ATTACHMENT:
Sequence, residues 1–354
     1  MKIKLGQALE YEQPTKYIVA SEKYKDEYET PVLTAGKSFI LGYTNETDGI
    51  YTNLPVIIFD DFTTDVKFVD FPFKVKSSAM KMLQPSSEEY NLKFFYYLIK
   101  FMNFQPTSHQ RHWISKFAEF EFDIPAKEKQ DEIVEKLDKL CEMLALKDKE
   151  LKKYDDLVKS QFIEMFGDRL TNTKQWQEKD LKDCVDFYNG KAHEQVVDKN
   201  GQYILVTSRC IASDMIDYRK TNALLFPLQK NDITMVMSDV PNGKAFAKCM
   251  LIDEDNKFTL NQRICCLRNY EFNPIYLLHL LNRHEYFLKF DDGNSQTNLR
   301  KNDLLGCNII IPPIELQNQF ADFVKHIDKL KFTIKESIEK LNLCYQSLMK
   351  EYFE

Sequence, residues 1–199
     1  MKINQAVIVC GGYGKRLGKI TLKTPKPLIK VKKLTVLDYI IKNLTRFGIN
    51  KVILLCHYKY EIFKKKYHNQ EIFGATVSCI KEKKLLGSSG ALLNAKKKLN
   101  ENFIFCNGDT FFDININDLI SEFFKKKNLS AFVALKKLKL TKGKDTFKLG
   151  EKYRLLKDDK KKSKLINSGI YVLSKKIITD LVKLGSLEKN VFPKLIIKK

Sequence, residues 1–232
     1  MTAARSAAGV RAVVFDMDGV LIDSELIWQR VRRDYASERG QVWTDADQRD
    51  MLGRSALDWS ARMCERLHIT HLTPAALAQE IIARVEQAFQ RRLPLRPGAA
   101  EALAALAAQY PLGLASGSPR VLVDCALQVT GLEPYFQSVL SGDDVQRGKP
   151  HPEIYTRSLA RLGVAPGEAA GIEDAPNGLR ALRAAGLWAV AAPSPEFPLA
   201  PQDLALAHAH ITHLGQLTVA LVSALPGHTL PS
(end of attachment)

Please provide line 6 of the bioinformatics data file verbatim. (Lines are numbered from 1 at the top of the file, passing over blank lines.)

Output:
   201  GQYILVTSRC IASDMIDYRK TNALLFPLQK NDITMVMSDV PNGKAFAKCM